• The libertarian scenario

This scenario is obviously the one promoted by the Silicon Valley culture. It is that of a globalized, post-state world, where physical boundaries have become obsolete. Many arguments stand in favour of this model. First of all, that of efficiency: California's digital players can undoubtedly report breathtaking successes in this domain. And as emphasized by the American authors of the CypherPunk movement John Gilmour or Phil Karn, and more recently by Peter Thiel, there is no reason why these technologies should not eventually generate an entirely new civilization, where public institutions would be reduced to a small share, thus putting an end to five centuries of nation states holding plenipotentiary powers. In this scenario, therefore, the State would only be in charge of the most basic functions (mainly security) and the rest would happily be privatized.
 
Second, advocates of this scenario believe that, in a world where innovation now consists mainly of risky attempts - the famous serendipity -, it is important to leave significant room to these forms of innovation. This argument is not incidental: American success in the digital world is, whatever one may say, largely the result of its mistrust towards Washington and lawmakers who aim to corset risk-takers. American regulators have often relied on Adam Smith and Schumpeter to preserve a laissez-faire approach, and to favour the implementation of a posteriori regulations, i.e. as a last resort.
 
But even beyond regulators, the libertarian scenario could well be driven by the very nature of information technology. For the architecture of information systems and networks seems to be inexorably decentralized, while the very autonomy of these systems seems to be increasing, to the point of making them neither seizable nor controllable by states themselves. Here, we are obviously thinking about the well-known Bitcoins, and beyond that, about the probable architectures of future data networks - Fog, Edge computing, etc. - which give pride of place to calculations distributed in the network. However, the nature of these architectures is deeply decentralized, which greatly complexifies control operations.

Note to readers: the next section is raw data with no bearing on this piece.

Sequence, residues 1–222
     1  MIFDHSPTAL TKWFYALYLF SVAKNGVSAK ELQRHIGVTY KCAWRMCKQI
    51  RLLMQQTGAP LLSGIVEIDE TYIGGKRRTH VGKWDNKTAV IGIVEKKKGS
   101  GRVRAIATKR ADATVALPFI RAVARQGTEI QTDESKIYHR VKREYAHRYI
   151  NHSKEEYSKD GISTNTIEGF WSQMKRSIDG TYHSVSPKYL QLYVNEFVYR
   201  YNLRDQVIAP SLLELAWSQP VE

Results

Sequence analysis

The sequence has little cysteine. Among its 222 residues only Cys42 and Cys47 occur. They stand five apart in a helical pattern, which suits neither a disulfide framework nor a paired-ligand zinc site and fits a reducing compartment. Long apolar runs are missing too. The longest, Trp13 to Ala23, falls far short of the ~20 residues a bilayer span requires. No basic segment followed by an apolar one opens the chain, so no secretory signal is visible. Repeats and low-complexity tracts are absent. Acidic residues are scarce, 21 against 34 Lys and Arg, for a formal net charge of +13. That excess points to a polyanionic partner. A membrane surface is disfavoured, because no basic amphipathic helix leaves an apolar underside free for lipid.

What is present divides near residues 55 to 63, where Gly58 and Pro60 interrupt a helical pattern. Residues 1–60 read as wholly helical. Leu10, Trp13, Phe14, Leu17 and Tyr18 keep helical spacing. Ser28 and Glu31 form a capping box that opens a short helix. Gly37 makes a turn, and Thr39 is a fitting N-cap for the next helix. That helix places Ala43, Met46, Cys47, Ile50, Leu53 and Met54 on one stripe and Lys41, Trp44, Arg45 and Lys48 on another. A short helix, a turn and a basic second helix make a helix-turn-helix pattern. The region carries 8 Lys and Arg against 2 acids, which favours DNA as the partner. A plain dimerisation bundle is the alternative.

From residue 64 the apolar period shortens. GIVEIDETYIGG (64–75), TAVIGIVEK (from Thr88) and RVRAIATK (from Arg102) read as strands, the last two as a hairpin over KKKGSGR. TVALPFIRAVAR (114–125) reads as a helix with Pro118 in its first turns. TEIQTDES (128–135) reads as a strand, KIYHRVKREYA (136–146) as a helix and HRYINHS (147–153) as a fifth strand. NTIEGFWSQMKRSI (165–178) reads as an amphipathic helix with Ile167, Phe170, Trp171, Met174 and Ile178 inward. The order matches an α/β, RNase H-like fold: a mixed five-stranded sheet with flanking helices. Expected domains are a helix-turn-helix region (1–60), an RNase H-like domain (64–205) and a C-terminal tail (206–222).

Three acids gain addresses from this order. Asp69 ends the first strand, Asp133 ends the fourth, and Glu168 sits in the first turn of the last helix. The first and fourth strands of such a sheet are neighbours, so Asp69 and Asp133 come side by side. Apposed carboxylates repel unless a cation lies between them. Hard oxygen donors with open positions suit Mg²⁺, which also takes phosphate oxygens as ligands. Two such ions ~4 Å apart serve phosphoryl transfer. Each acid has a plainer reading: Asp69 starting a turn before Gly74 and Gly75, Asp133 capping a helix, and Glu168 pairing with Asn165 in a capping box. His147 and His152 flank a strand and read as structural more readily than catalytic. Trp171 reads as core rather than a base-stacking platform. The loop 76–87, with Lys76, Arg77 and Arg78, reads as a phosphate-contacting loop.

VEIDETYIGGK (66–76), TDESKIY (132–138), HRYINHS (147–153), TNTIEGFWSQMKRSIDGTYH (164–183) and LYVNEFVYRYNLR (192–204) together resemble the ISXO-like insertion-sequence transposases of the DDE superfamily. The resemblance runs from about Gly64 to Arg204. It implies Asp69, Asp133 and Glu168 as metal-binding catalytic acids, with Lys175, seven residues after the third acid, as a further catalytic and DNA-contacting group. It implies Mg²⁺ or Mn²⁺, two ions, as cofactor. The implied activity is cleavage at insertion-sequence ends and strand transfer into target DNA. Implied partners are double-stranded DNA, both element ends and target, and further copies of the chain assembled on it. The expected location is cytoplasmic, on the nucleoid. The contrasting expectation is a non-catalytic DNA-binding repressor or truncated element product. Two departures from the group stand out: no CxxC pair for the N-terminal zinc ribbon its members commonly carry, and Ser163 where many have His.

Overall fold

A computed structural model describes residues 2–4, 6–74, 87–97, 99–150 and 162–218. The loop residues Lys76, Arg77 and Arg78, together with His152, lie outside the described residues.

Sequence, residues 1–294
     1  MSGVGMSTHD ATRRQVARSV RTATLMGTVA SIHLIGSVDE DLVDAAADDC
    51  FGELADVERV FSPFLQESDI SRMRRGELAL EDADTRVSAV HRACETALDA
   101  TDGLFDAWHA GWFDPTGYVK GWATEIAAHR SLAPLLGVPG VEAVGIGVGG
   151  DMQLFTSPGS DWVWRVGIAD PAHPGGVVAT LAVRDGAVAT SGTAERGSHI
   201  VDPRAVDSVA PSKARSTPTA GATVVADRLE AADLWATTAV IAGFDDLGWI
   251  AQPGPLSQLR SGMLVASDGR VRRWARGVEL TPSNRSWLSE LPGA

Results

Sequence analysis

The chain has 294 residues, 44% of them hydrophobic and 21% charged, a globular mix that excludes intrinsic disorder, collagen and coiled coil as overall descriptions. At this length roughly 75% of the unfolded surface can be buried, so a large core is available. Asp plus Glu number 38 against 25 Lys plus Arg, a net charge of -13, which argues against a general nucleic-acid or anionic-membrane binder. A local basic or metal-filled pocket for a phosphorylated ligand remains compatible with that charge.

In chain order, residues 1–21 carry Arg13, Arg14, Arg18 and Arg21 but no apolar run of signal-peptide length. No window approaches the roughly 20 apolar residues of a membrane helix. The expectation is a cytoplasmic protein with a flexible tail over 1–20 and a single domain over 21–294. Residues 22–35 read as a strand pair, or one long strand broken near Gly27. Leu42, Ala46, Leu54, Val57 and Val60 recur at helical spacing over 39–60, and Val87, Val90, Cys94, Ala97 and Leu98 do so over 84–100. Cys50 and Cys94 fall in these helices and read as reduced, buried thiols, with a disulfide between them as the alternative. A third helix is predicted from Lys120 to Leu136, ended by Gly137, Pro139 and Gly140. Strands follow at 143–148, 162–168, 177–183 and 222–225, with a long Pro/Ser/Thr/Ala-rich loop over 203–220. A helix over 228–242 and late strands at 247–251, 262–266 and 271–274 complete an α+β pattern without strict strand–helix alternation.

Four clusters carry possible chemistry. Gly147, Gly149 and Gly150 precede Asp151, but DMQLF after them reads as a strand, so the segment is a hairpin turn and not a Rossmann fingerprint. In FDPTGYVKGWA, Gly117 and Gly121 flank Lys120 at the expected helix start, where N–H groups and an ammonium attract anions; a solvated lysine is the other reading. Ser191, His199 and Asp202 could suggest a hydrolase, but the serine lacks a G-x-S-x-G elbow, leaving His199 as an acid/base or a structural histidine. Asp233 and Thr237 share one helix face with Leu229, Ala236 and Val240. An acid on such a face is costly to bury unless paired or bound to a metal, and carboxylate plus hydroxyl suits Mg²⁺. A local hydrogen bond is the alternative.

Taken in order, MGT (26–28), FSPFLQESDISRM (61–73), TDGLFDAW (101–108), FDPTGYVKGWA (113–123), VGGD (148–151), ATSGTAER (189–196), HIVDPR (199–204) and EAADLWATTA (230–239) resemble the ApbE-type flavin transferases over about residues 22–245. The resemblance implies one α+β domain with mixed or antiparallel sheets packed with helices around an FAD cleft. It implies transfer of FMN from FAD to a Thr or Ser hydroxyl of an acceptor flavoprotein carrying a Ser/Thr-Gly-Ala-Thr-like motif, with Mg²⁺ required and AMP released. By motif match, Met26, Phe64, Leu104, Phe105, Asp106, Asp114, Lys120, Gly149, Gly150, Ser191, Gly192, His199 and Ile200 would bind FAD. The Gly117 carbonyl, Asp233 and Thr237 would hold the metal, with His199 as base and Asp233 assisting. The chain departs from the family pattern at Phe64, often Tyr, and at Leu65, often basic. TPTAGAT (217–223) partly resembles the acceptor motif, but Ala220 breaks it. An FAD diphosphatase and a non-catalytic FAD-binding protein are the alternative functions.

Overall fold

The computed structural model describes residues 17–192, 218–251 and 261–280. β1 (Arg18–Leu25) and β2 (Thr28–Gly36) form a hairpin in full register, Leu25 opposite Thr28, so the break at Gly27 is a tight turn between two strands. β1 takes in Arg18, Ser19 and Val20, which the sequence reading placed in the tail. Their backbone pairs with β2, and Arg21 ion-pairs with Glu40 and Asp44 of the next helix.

This model’s disadvantage lies in the feudal e-republic project it carries. Indeed, many techno-libertarian players speak of eugenics and technological selection as inevitable, if not necessary, forces. Moreover, this scenario induces major social risks, insofar as the main beneficiaries of such a model would be the upper economic classes.

The 21st century state

The forces in place are thus significant, while many developed countries remain sort of stunned and largely inactive in the face of the emergence of these protean digital empires. Indeed, most of these countries lack a clear strategy. Within the European Union, obvious disagreements between states too often obstruct the development of the virtuous dynamics that would allow them to regain leadership. The latter is nevertheless accessible given the quality of our continent’s human capital.